1 Glasgow City Council @GlasgowCC 24,016 1,765
2 Edinburgh City Council @Edinburgh_CC 13,054 2,527
3 Newcastle upon Tyne City Council @NewcastleCC 11,992 5,521
4 Belfast City Council @belfastcc 11,639 6,444
5 Manchester City Council @ManCityCouncil 11,313 2,962
6 Cardiff City Council @cardiffcouncil 10,054 4,926
7 Nottingham City Council @MyNottingham 9,374 2,694
8 Leeds City Council @leedscc 9,161 1,838
9 Brighton and Hove City Council @BrightonHoveCC 8,718 7,573
10 Kent County Council @Kent_cc 8,664 2,782
11 Sunderland City Council @SunderlandUK 8,202 7,835
12 Sheffield City Council @SheffCouncil 7,665 5,870
13 Swansea City Council @SwanseaCouncil 7,657 2,750
14 Essex County Council @Essex_CC 7,624 2,481
15 Devon County Council @DevonCC 7,581 3,786
16 South Lanarkshire Council @SouthLanCouncil 7,076 2,471
17 Derbyshire County Council @Derbyshirecc 6,955 2,634
18 Hampshire County Council @hantsconnect 6,892 4,445
19 Fife Council @FifeCouncil 6,522 6,316
20 Norfolk County Council @NorfolkCC 6,484 2,387
21 Lambeth Council @lambeth_council 6,434 1,122
22 Salford City Council @SalfordCouncil 6,399 4,506
23 Birmingham City Council @BCCNewsRoom 6,345 5,747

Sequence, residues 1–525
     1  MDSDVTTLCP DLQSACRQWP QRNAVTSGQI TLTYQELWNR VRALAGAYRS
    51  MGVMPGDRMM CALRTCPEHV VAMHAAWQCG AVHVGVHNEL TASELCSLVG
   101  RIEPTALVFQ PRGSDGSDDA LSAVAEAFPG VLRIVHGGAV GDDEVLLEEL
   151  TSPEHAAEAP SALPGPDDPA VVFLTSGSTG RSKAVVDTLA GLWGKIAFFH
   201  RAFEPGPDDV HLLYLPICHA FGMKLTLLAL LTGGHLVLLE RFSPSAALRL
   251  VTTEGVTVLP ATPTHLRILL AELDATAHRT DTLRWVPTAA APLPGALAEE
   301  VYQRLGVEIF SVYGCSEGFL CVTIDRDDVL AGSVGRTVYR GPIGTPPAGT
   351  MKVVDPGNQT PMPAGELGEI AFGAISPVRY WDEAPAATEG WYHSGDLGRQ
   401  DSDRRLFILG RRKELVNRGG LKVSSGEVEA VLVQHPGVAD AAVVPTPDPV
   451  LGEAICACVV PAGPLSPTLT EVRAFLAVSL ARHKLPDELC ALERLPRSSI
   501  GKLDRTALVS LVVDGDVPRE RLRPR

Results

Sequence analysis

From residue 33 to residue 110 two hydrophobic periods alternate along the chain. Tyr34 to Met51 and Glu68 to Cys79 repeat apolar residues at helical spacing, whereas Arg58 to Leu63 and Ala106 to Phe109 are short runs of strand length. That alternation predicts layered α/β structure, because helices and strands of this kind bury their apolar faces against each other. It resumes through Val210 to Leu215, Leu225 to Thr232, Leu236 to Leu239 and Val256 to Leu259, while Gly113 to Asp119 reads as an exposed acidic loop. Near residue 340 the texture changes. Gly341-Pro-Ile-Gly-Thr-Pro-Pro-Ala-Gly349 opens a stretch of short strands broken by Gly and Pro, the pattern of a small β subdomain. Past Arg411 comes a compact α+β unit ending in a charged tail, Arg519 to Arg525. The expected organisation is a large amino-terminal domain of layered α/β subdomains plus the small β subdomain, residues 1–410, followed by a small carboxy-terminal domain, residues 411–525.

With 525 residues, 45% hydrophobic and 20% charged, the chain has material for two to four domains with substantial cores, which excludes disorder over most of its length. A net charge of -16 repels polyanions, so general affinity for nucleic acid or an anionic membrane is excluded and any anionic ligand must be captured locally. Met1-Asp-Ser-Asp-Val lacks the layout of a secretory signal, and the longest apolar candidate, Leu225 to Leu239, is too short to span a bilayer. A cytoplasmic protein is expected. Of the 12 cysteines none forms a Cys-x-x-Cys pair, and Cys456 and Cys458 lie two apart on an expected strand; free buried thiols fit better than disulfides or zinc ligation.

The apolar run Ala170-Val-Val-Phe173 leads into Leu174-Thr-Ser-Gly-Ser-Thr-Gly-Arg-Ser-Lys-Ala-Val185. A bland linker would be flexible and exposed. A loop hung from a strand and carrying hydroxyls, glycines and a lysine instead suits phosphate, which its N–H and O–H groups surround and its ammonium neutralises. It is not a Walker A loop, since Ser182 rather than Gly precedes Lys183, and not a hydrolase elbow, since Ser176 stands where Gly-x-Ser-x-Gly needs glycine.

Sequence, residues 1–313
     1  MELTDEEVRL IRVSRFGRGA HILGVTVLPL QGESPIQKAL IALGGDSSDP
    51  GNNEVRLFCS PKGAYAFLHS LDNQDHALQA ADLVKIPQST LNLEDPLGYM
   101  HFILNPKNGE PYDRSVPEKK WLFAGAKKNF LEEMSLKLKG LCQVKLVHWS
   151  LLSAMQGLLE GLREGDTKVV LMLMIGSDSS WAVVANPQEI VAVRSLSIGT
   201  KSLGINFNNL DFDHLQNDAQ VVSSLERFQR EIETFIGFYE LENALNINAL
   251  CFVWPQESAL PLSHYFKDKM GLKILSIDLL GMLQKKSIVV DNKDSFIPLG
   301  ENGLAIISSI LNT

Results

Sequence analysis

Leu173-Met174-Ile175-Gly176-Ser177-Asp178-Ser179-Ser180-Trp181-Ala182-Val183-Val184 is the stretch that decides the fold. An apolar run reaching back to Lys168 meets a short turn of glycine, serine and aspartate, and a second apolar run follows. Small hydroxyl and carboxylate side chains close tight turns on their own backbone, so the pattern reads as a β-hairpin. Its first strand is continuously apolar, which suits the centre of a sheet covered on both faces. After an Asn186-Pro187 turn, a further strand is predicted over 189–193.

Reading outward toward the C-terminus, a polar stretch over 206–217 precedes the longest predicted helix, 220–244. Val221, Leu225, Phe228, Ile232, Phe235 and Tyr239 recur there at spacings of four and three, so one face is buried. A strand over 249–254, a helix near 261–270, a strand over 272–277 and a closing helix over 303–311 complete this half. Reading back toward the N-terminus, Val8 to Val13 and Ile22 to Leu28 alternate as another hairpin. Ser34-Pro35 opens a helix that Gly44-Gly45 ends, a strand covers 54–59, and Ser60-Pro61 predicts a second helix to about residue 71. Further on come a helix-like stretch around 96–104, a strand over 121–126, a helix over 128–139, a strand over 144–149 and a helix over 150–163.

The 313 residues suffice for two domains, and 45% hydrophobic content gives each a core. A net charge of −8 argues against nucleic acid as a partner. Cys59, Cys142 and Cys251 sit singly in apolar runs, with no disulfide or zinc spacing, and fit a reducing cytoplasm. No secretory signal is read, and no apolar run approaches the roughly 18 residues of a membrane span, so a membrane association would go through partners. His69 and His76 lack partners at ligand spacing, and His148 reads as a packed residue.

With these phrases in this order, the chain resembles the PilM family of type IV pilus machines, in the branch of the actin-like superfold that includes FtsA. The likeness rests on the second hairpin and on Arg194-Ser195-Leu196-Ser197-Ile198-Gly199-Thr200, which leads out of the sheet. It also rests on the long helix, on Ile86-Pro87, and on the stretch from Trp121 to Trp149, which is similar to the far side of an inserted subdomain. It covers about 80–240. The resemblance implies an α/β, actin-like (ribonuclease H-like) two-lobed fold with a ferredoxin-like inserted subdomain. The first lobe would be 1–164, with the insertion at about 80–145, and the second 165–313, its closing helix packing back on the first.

24 Bristol City Council @BristolCouncil 6,102 1,930
25 Oxford City Council @OxfordCity 5,688 800
26 Nottinghamshire County Council @NottsCC 5,657 3,055
27 Kirklees Council @KirkleesCouncil 5,574 4,502
28 Lewisham Council @LewishamCouncil 5,411 1,967
29 Westminster City Council @CityWestminster 5,392 1,681
30 East Renfrewshire Council @EastRenCouncil 5,372 3,426
31 Cornwall County Council @CornwallCouncil 5,364 2,998
32 North Yorkshire County Council @northyorkscc 5,285 4,164
33 Camden Council @camdentalking 5,227 3,481
34 Walsall Metropolitan Borough Council @WalsallCouncil 5,214 12,949
35 Southampton City Council @SouthamptonCC 5,052 3,770
36 Solihull Metropolitan Borough Council @SolihullCouncil 5,030 4,285
37 Coventry City Council @coventrycc 5,014 1,676
38 Dorset Councils online (some Dorset authorities) @dorsetforyou 5,009 2,220
39 Derby City Council @DerbyCC 4,936 1,288
40 Greenwich Council @Royal_Greenwich 4,907 3,125
41 Renfrewshire Council @RenCouncilNews 4,895 1,898
42 Southwark Council @lb_southwark 4,821 1,695
43 Aberdeenshire Council @Aberdeenshire 4,814 2,832
44 Liverpool City Council @lpoolcouncil 4,801 696
45 Lancashire County Council @LancashireCC 4,790 3,500
46 Preston City Council @prestoncouncil 4,747 2,879
47 Bournemouth Borough Council @bournemouthbc 4,726 3,598
48 Wandsworth Borough Council @wandbc 4,673 2,355
49 Stirling Council @StirlingCouncil 4,671 3,061
50 Rochdale Metropolitan Borough Council @RochdaleCouncil 4,613 1,703
51 Cheshire West and Chester Council @Go_CheshireWest 4,611 5,424
52 Stoke on Trent City Council @SoTCityCouncil 4,603 6,877
53 Wakefield City Council @MyWakefield 4,579 3,234
54 Hertfordshire County Council @hertscc 4,575 1,187